Date Published: June 20, 2013
Publisher: Public Library of Science
Author(s): Virginie Feliu, Virginie Vasseur, Harshita S. Grover, H. Hamlet Chu, Mark J. Brown, Jeremy Wang, Jon P. Boyle, Ellen A. Robey, Nilabh Shastri, Nicolas Blanchard, Eric Y. Denkers.
CD8 T cells protect the host from disease caused by intracellular pathogens, such as the Toxoplasma gondii (T. gondii) protozoan parasite. Despite the complexity of the T. gondii proteome, CD8 T cell responses are restricted to only a small number of peptide epitopes derived from a limited set of antigenic precursors. This phenomenon is known as immunodominance and is key to effective vaccine design. However, the mechanisms that determine the immunogenicity and immunodominance hierarchy of parasite antigens are not well understood.
CD8 T cells play a critical role in immune-mediated protection against intracellular apicomplexan parasites. Antigenic determinants recognized by CD8 T cells are short peptides of 8 to 10 amino acids presented by class I molecules of the major histocompatibility complex (MHC I). Antigenic peptides are typically degraded by cytosolic proteasomes, transported into the endoplasmic reticulum (ER), trimmed by ER-resident aminopeptidases and loaded on peptide-receptive MHC I molecules . The spectrum of peptides that can theoretically be presented by a given MHC I is far larger than the peptides that actually elicit CD8 T cell responses. Furthermore, not all the peptide-MHC I complexes that can be recognized are equal: rather they elicit a hierarchy of specific CD8 T cells. This phenomenon of “selection and ranking” is termed immunodominance. Immunodominant peptide-MHC I elicit the most abundant cognate T cell populations, whereas subdominant peptide-MHC I induce less abundant T cells (reviewed in , ). Knowledge of the mechanisms that enhance immunogenicity and determine immunodominance hierarchy is central to design of optimal vaccines.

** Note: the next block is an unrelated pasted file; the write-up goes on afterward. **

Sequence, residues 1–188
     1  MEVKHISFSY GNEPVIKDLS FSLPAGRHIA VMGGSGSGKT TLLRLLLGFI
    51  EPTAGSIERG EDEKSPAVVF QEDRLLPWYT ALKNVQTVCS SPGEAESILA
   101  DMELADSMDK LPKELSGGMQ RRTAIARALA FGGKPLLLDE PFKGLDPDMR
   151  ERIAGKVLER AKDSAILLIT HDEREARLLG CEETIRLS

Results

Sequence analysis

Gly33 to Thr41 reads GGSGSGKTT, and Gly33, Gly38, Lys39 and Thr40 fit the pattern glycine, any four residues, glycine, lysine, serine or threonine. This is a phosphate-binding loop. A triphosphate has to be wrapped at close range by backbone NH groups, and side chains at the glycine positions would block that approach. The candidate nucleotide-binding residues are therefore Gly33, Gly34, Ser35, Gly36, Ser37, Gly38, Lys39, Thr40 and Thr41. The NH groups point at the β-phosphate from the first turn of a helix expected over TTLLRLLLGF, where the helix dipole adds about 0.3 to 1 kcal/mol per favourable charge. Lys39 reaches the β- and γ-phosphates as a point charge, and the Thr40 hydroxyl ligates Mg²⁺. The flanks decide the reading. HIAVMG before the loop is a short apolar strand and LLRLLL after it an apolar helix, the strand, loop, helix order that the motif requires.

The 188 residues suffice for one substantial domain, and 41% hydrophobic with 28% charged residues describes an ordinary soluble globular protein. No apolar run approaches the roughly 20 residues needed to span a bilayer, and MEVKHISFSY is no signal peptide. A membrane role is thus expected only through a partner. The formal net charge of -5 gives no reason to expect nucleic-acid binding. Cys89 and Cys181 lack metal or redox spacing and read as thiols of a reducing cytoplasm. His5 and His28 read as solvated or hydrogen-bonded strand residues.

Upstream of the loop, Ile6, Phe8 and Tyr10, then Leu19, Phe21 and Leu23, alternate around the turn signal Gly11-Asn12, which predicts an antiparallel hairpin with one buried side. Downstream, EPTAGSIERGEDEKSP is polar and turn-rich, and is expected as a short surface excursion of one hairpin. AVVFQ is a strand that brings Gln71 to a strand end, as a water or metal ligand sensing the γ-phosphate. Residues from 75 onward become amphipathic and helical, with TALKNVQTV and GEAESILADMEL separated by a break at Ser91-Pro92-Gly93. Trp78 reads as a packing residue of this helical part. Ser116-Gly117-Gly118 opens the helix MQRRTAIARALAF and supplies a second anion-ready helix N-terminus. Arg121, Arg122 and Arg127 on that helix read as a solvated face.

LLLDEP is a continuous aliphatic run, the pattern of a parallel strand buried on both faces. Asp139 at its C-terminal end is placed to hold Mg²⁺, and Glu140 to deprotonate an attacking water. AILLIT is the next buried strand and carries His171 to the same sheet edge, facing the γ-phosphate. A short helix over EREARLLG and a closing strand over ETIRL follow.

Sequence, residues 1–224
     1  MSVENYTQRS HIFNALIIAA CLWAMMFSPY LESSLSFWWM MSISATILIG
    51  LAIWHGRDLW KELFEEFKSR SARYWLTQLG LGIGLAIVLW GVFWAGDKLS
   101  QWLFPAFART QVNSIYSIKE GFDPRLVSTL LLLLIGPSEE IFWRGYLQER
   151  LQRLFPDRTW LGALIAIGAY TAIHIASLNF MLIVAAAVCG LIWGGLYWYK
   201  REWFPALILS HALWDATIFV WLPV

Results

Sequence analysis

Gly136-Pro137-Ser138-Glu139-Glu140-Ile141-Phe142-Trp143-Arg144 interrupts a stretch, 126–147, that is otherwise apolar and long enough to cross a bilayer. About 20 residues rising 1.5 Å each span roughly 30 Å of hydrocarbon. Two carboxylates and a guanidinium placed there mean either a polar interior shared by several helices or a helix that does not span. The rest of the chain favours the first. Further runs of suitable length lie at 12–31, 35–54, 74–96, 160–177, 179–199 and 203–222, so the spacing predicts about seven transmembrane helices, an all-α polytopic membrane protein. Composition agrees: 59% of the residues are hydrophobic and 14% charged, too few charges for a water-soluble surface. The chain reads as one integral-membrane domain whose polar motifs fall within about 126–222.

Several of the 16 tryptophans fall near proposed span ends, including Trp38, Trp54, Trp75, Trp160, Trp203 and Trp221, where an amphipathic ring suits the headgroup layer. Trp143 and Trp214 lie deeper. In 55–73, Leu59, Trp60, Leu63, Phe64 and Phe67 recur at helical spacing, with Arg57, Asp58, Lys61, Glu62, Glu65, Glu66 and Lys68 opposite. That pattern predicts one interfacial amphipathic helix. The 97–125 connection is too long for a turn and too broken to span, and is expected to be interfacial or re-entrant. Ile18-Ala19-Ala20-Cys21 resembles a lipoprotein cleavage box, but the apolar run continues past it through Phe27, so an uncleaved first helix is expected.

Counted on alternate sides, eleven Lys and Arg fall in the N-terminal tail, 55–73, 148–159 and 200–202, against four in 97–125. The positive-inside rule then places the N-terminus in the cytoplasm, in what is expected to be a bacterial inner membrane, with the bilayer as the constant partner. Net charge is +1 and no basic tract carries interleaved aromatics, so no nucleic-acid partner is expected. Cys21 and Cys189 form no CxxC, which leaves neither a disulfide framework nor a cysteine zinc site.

In this study, we have identified the molecular bases underlying the marked immunodominance of a CD8 T cell response that controls the intracellular T. gondii parasite. Rather than peptide affinity for MHC I and naïve T cell frequency, we find that immunodominance is determined by the location of the epitope within the antigenic precursor.